Unfortunately, things began to fizzle by the seventh season (which I suppose, in retrospect, amounted to a pretty good run). The cast had grown a bit too large, some longtime characters (those who hadn’t been killed off) had become less interesting, and the storytelling had lost some of its bite (no pun intended).
I’ve long contended that the show’s “jump the shark” moment came in season six, when Glenn (Steven Yeun) was seemingly torn to shreds by an alley full of walkers, in what was one of the most intense, shocking, and well-done scenes in the show’s history… only for the audience to discover several episodes later that he had, rather ridiculously, escaped harm.
Still, I kept watching.
Glenn’s original death scene was really how the character should have died... because it was his actual death, in the following season’s premier, that compelled many loyal fans to actually abandon the show. This was one episode after the graphic novel’s most famous villain, Negan (leader of “The Saviors”), had been introduced. Actor Jeffrey Dean Morgan took on the role.
From what I understand (though I’ve never read it), the graphic novel depicts Negan executing Glenn in the most brutal, visually grotesque way imaginable. And the writers of the show, despite having deviated from the novel’s content countless times, decided — in this particular case — to stay true to the material. They even added the execution of a second well-liked character for good measure.
Well, the prolonged, over-the-top-gory scene was so disturbing (to the point that some viewers reportedly became physically ill and at least one had a heart-attack) that many fans threw in the towel. I didn’t really blame them.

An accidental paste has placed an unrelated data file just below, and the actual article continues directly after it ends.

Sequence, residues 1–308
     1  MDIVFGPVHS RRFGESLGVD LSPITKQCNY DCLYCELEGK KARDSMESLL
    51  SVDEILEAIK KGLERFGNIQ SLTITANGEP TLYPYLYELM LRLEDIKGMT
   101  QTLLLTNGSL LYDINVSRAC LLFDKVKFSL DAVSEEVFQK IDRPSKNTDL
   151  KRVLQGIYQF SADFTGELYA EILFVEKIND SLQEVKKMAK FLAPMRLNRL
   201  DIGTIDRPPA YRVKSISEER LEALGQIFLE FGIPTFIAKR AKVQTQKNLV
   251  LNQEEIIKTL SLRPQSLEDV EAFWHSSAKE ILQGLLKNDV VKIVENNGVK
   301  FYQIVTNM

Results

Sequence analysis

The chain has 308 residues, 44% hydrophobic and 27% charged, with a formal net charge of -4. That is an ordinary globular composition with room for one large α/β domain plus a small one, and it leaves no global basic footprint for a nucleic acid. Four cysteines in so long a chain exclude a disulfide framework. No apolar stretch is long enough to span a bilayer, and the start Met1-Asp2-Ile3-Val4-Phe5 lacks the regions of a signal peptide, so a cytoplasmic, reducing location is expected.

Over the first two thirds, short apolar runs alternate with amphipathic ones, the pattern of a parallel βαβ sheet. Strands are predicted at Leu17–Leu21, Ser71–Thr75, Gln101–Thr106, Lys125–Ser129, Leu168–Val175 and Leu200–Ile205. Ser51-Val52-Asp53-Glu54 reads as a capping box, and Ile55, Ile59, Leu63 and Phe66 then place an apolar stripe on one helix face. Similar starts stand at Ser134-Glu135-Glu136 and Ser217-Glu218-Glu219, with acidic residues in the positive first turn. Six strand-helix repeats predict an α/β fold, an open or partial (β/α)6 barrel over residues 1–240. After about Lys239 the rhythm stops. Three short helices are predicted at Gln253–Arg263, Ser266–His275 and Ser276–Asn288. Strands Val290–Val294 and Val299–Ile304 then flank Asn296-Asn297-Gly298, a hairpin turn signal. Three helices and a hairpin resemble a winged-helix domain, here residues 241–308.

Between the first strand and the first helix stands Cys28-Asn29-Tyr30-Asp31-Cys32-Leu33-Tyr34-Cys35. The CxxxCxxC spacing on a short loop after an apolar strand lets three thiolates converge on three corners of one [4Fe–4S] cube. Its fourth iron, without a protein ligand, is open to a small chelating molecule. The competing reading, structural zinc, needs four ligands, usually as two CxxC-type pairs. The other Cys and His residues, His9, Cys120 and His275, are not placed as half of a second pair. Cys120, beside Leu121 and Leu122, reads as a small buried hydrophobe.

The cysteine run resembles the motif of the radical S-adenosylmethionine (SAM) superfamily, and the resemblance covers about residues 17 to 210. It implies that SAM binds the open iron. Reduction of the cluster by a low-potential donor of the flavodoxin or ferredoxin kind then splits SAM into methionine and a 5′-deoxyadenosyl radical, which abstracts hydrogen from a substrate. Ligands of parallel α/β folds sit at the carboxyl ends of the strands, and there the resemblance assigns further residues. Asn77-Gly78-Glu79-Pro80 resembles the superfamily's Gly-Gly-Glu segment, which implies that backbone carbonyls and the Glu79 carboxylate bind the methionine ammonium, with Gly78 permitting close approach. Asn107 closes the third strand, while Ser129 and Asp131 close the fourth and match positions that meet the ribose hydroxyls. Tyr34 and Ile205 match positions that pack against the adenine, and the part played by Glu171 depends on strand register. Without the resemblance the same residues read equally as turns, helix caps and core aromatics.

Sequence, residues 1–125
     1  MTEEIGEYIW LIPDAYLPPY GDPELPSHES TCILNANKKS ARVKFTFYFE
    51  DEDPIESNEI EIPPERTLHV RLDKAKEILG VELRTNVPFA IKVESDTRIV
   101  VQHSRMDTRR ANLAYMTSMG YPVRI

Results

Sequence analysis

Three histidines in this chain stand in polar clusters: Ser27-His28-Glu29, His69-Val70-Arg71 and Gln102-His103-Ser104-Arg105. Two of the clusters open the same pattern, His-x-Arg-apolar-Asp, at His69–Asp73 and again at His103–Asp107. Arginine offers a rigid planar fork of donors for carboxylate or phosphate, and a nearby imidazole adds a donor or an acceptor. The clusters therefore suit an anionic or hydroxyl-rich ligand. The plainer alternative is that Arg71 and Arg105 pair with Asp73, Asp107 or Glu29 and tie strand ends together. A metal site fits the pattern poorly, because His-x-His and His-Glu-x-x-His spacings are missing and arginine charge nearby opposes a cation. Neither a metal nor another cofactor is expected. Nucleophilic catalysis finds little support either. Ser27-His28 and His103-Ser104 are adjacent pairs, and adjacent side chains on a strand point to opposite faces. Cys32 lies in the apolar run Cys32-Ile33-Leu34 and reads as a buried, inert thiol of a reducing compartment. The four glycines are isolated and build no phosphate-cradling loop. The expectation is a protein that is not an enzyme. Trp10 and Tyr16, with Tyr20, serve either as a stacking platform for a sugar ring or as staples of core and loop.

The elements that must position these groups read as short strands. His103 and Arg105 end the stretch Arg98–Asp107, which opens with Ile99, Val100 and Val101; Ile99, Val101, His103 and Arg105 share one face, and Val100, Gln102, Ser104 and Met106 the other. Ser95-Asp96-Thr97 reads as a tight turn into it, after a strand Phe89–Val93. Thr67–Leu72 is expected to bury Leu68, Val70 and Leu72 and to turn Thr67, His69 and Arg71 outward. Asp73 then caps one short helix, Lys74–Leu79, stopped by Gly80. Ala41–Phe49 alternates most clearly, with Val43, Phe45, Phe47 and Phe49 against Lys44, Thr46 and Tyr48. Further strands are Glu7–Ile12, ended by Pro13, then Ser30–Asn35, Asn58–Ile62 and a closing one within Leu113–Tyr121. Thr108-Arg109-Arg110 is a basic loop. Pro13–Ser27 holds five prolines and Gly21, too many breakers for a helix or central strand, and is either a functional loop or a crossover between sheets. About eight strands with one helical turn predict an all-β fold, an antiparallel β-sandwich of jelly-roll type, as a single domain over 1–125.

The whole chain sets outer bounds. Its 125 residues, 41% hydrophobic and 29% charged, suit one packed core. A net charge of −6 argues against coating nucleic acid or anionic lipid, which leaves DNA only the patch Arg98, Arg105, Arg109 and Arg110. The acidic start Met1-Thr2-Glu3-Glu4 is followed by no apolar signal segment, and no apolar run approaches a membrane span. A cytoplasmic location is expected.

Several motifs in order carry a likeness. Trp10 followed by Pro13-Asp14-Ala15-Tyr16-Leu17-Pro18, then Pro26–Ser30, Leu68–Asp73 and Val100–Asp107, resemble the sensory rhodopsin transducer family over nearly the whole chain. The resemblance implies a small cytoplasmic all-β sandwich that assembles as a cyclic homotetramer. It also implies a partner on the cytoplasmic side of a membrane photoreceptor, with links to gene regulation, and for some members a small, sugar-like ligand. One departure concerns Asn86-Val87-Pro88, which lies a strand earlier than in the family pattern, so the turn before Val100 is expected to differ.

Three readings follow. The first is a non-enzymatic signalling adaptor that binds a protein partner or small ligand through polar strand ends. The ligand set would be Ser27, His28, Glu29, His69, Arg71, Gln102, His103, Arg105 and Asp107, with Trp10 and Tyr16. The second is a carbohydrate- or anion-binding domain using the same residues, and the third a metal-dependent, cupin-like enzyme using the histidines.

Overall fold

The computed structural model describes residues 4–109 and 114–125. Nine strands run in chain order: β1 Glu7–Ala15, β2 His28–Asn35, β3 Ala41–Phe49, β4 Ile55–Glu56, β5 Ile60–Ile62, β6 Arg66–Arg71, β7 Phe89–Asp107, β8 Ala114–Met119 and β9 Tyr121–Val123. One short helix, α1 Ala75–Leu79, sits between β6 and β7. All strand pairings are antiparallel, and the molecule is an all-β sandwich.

Still, I kept watching.
Unfortunately, the writing steadily worsened after that. Within a few weeks, the Negan story-line had become unbearably repetitive and exhausting. So had the character, from his long-winded, trollish monologues to his obnoxious swagger. To make matters worse, every general in Negan’s army of Saviors shared several of the same debilitating characteristics. It was a real drag.
I don’t blame the actors, of course. I’m sure they performed their parts exactly as written, as did the rest of the cast, which grew hugely as the broader story expanded to other groups of people living in multiple communities.
Bizarrely, some of the new characters seemed more suitable for a Lord of the Rings spinoff than a modern-day zombie tale. I’m talking about people like the Shakespearean-speaking King Ezekiel and his terribly-CGI’d (and impossibly cognizant) pet tiger. I’m also talking about people like Jadis, the leader of the “Trash People,” who, along with her loyal followers, inexplicably communicated in fragmented words rather than sentences. Man, were they annoying.
The show’s writers could at least blame Ezekiel on the graphic novel, but Jadis was a character they had come up with on their own, and it’s hard to imagine how anyone thought she and her gimmick would be a good idea. In fact, the bartering scenes between her and Rick amounted to some of the show’s all-time worst attempts at charming comedy.
Still, I kept watching.
Meanwhile, established characters were shedding the perspectives and years of development that had made them interesting. Some would find themselves suddenly paralyzed by introspective analysis, and weighing different life-views (aka finding themselves) in reaction to the latest tragedy.
That type of thing made sense in the early seasons, when the zombie apocalypse was still new, and characters had yet to grow accustomed to the perilous world they now lived in. But so many seasons in, the melodrama felt labored and more like filler material than anything else. The internal struggles were sometimes so ridiculous that they’d prevent a character from taking an absolutely perfect opportunity to — once and for all — end the threat of Negan.